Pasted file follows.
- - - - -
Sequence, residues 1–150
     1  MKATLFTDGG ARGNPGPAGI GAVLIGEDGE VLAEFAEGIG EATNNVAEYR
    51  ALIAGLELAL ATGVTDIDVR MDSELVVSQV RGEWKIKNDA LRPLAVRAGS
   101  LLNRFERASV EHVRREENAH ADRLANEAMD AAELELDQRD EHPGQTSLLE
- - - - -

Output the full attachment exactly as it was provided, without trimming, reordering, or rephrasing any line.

Sequence, residues 1–150
     1  MKATLFTDGG ARGNPGPAGI GAVLIGEDGE VLAEFAEGIG EATNNVAEYR
    51  ALIAGLELAL ATGVTDIDVR MDSELVVSQV RGEWKIKNDA LRPLAVRAGS
   101  LLNRFERASV EHVRREENAH ADRLANEAMD AAELELDQRD EHPGQTSLLE